From a 3D-printing point of view, the grenade was a success. Three of the four main parts of the M781 grenade — the windshield, the projectile body, and the cartridge case, were 3D-printed. Only the .38-caliber cartridge case was purchased as a separate unit and then pressed into the 3D-printed cartridge case. It is worth noting that the rounds are not live, as the addition of explosives, propellants and pyrotechnics have not been approved for use in a 3D-printed shell.

Once completed, the Army tested the RAMBO weapon using a remote firing system at both indoor ranges and outdoor testing facilities. All 3D-printed rounds were successfully fired through the launcher. Initial tests showed there was some variation in ammunition velocities, but that variance was quickly rectified by a few rounds of design changes and 3D-printing. The Army is now testing the reliability of the weapon under sustained and long-term use.

Emerging Tech

Global Good wants to rid the world of deadly diseases with lasers and A.I.

Global Good, a collaboration between Intellectual Ventures and Bill Gates, aims to eradicate diseases that kill children in developing nations. It tackles difficult problems with high-tech prototypes.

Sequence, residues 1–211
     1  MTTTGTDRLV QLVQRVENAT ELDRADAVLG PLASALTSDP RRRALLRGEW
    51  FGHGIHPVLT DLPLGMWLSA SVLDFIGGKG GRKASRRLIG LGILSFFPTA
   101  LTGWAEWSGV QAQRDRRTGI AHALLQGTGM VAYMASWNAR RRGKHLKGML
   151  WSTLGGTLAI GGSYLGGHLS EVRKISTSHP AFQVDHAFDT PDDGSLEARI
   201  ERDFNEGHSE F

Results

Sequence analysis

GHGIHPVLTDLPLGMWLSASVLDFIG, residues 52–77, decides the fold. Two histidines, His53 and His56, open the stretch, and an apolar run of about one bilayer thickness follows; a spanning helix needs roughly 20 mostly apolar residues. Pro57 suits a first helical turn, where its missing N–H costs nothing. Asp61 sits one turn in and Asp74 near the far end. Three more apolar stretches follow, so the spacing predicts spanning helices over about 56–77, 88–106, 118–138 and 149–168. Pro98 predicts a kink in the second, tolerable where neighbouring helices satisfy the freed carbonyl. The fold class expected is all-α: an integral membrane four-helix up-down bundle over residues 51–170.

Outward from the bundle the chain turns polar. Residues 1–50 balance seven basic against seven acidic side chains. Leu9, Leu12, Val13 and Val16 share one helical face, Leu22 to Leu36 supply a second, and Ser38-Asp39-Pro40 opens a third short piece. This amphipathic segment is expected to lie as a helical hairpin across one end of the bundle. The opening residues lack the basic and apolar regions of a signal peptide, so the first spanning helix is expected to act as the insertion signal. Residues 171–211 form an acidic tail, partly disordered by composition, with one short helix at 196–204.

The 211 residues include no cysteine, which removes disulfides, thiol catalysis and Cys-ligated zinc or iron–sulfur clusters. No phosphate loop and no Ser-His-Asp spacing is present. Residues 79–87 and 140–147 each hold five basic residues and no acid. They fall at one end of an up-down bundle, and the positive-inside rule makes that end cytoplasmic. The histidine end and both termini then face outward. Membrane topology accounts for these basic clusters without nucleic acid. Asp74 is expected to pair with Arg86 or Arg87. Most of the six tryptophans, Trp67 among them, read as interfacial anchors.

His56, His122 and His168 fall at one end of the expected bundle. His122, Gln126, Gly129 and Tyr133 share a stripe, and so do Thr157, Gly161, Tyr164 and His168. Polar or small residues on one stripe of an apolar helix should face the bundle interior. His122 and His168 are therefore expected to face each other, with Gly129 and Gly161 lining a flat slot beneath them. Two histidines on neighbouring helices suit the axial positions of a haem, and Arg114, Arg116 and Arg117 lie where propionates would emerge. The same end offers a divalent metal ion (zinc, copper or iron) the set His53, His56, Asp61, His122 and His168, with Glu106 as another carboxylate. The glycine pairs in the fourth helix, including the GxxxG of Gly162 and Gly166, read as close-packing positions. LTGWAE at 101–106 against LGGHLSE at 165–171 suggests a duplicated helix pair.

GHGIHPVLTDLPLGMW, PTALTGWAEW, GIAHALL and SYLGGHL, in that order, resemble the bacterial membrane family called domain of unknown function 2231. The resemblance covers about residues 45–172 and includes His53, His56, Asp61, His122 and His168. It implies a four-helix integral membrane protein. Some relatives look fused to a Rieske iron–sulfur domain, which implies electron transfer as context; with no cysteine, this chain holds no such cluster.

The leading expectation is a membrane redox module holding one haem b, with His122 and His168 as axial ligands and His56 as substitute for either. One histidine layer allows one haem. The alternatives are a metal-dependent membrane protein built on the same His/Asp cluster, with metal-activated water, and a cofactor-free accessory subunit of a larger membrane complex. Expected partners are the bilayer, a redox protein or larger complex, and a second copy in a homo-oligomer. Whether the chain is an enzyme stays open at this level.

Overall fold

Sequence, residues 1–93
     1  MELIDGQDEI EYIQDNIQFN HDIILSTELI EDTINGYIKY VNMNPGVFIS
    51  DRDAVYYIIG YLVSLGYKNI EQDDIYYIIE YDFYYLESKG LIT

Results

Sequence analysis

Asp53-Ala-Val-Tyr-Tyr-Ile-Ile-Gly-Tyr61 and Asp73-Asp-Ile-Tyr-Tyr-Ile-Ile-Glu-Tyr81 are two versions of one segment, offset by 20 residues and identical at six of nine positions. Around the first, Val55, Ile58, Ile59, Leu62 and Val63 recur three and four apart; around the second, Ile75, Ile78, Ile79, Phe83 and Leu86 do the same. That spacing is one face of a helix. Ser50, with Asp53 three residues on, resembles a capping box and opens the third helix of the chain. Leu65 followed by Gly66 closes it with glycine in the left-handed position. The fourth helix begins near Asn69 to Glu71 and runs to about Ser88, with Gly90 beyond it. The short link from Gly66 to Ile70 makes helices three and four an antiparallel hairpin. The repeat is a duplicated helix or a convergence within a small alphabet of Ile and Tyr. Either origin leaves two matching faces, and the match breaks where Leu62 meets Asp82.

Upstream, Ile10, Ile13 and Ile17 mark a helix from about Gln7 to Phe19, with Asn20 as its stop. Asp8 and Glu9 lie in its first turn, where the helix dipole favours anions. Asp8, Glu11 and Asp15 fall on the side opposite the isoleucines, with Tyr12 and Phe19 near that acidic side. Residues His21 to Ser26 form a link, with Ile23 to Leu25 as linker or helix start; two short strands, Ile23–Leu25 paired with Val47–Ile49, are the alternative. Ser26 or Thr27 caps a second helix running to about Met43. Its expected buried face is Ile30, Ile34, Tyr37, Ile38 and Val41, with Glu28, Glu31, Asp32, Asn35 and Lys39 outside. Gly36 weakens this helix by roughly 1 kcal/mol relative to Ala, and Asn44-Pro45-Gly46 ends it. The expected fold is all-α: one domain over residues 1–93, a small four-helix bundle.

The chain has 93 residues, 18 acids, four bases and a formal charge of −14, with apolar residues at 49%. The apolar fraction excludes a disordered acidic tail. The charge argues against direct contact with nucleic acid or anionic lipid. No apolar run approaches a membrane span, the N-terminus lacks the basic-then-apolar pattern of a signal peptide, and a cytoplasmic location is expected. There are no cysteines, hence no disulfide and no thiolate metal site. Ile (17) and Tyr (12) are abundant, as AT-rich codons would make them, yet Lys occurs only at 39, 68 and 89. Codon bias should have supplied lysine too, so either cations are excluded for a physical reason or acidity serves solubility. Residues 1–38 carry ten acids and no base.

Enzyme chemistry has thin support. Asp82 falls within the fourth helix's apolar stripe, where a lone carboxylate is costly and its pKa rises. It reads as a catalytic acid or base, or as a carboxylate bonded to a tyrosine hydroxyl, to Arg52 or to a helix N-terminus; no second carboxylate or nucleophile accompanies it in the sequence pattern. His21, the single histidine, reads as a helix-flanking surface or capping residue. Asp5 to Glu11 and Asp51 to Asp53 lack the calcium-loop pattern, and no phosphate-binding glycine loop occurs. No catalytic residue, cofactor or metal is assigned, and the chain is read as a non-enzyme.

Cars

Researchers teach self-driving cars to predict pedestrians’ next moves

University of Michigan researchers are developing a system that teaches self-driving cars to predict pedestrian movement. Humans don't always act in their own best self-interest, so autonomous cars will need to practice protective driving.
Emerging Tech

NASA’s ‘Refabricator’ lets astronauts recycle 3D-printed tools to make new ones

The International Space Station just received a fancy new gadget in the form of a Refabricator, a machine capable of 3D printing using recycled plastic materials. Here's how it works.
Emerging Tech

Caltech’s bird-inspired robot uses thrusters to help stay on its feet

Researchers from Caltech have developed a new bird-inspired robot that uses thrusters on its torso to help it to walk with more stability. Here's why that challenge is so important.
Emerging Tech

White spots on Ceres are evidence of ancient ice volcanoes erupting

Scientists are pouring over data collected by NASA's Dawn mission to learn about the dwarf planet Ceres and the bright white spots observed at the bottom of impact craters. They believe that these spots are evidence of ice volcanoes.
Emerging Tech

Awesome Tech You Can’t Buy Yet: Grow veggies indoors and shower more efficiently

Check out our roundup of the best new crowdfunding projects and product announcements that hit the web this week. You may not be able to buy this stuff yet, but it sure is fun to gawk!